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Citizen Cain - Playing Dead CD (album) cover

PLAYING DEAD

Citizen Cain

 

Symphonic Prog

3.33 | 55 ratings

From Progarchives.com, the ultimate progressive rock music website

James Lee
Special Collaborator
Honorary Collaborator
2 stars Don't worry "Red" fans, "Fallen Angels" is not a KING CRIMSON cover tune, but it does contain some great guitar work in a modern heavy style which continues throughout the album. Indeed, this power trio is skilled and disciplined, and know how to construct songs which display their talents without indulging in lengthy egocentric solos. The lead vocals are more than a little GENESIS-like, occasionally a bit heavy on the drama but more often perfectly suiting the material. Songs like "Children of Fire", "Rivers of Twilight", "Wandering in Darkness", and "Sleeping in Penumbra" are solid narrative prog with classic influences ("Trespass" as well as "Trick of the Tail" GENESIS fans are generally cared for) as well as modern heavier sounds. Some of the more intricate guitar and synth harmonies (such as the beginning and end of "Shades", "Rivers of Twilight" or much of "Falling from Sephiroth") don't quite mesh- at worst they sound like passages from a ZOOGZ RIFT song. I wonder whether "Falling from Sephiroth" refers to the Kabbalah or the Final Fantasy character? Hard to say from the lyrics, but the conclusion of the song boasts an excellent half-tempo section that is one of the highlights of the album, even if it is too short. "Rivers of Twilight" features some good organ work and another soaring narrative. "Inner Silence" probably should have been kept silent; the giggle that the Monty Python sample elicits isn't worth the inclusion of this track. My main criticism is that they rarely produce an emotional response; there's plenty of talent and energy but not enough feeling. "Eternity" and bits of "Sleeping in Penumbra" come closest to expressing some emotion, but never quite makes it. When there is a story to be told, the lyrics work fairly well, but all too often they suggest the artistically banal blather of any Christian rock band. Also, the keyboard tones are a bit lacking; sometimes they sound good (the hammond, or virtual hammond, is nice and dirty), sometimes they're appropriate but nothing special (the bulk of the pads and sweeps), but too often they sound cheap and dated. I would be less critical if this was a DX7-obsessed 80s band but with the current synth-making renaissance there is no excuse for a cheesy keyboard sound. Despite my criticisms, I readily admit that this album fits well within the progressive rock genre and I'm sure it won't be disappointing for fans who like heavier progressive sound.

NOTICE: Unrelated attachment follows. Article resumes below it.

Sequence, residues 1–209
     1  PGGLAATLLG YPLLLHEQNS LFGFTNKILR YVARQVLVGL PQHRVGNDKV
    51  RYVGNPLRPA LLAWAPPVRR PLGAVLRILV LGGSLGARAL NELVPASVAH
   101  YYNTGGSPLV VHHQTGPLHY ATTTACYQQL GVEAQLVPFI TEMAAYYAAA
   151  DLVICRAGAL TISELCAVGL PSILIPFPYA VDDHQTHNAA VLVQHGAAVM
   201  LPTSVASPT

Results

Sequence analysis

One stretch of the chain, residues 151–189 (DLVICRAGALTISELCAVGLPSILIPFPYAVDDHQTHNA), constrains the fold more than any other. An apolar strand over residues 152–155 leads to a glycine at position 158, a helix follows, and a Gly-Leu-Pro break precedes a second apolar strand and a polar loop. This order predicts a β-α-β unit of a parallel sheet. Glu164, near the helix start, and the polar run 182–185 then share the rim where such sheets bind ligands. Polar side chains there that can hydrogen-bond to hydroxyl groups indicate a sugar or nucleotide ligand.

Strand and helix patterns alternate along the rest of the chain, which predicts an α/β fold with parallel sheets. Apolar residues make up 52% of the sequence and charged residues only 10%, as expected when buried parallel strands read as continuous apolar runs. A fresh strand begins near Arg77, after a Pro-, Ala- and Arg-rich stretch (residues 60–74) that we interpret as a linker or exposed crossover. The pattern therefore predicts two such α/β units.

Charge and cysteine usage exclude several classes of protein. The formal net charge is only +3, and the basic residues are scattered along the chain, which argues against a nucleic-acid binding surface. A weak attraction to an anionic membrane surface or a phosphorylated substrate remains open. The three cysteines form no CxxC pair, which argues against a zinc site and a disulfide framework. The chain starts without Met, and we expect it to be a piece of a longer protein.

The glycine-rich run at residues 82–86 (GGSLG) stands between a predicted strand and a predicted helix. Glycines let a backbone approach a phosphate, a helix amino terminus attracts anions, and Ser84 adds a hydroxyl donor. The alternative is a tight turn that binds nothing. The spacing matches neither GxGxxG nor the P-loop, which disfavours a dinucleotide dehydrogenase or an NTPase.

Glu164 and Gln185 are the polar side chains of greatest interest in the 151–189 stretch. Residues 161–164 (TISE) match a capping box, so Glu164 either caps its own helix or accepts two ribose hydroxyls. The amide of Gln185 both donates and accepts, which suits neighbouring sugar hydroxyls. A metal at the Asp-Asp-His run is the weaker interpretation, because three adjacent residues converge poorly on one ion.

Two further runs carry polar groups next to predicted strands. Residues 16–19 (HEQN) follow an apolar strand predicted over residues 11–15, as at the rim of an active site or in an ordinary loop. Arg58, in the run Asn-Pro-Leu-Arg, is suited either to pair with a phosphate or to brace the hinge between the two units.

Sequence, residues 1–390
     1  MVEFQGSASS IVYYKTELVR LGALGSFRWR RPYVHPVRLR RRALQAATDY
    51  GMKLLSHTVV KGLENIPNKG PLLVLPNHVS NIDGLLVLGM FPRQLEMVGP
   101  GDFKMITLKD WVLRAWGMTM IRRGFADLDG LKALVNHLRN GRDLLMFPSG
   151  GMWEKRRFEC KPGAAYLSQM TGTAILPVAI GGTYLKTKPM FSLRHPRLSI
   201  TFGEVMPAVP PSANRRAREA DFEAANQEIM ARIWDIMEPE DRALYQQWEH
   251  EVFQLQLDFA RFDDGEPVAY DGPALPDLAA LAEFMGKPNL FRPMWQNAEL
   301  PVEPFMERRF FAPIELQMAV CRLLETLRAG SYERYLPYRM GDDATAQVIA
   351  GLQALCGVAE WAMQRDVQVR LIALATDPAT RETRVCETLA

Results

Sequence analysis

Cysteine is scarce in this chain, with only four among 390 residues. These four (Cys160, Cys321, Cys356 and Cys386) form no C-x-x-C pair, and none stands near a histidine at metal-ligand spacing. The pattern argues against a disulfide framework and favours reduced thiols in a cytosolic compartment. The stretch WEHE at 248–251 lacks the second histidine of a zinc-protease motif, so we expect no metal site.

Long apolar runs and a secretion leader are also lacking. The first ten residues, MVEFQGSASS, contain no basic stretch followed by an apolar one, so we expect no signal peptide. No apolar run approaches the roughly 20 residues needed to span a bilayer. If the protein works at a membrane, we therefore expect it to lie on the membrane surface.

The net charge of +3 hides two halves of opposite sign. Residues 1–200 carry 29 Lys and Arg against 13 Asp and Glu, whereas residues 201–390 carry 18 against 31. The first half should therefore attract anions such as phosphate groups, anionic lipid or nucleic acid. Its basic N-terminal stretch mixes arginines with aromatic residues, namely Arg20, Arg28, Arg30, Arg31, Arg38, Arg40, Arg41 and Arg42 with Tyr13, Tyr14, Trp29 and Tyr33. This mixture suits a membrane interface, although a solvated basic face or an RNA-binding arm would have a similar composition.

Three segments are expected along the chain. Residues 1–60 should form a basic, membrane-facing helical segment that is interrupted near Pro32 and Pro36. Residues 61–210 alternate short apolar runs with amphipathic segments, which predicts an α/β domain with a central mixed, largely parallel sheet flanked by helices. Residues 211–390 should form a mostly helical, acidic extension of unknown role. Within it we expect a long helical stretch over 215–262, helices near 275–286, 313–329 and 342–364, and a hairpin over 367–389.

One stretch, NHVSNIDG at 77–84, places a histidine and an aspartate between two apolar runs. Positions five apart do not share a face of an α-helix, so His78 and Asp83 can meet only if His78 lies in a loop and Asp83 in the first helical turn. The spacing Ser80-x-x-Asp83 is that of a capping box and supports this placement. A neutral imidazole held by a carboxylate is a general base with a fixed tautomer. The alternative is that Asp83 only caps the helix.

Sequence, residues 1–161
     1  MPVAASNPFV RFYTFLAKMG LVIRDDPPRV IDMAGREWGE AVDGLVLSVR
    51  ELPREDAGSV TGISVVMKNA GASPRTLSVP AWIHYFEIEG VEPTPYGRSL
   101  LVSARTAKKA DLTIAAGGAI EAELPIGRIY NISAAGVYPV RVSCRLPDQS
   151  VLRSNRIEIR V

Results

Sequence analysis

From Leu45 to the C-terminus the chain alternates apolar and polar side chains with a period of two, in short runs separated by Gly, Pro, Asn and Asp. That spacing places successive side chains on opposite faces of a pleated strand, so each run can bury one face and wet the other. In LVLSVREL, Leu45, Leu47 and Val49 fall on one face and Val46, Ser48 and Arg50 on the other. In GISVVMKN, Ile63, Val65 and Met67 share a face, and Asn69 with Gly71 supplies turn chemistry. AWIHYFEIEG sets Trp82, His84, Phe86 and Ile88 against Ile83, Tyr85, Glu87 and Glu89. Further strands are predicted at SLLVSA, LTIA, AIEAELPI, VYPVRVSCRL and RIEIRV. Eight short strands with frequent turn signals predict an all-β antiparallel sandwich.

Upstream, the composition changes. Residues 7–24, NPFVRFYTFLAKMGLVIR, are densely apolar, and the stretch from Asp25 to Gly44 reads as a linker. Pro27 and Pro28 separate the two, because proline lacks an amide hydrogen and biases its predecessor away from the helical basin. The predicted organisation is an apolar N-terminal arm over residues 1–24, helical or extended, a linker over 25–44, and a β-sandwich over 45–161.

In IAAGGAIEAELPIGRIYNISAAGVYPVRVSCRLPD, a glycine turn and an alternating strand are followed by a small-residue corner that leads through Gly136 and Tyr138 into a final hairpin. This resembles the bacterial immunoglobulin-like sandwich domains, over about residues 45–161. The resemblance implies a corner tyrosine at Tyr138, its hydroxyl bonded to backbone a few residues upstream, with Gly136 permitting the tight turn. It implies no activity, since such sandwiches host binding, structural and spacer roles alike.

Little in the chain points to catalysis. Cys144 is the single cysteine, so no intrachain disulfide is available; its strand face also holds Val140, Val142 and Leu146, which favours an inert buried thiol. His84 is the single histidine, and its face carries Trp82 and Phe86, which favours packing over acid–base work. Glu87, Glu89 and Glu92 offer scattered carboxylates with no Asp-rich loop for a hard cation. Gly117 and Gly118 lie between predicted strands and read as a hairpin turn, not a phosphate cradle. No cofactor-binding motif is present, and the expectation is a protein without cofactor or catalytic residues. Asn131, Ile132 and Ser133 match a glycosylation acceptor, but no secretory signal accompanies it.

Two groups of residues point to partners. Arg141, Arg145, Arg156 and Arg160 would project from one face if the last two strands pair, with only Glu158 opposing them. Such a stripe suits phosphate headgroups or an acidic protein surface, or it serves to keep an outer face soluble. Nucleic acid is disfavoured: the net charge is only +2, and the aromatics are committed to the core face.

James Lee | 2/5 |

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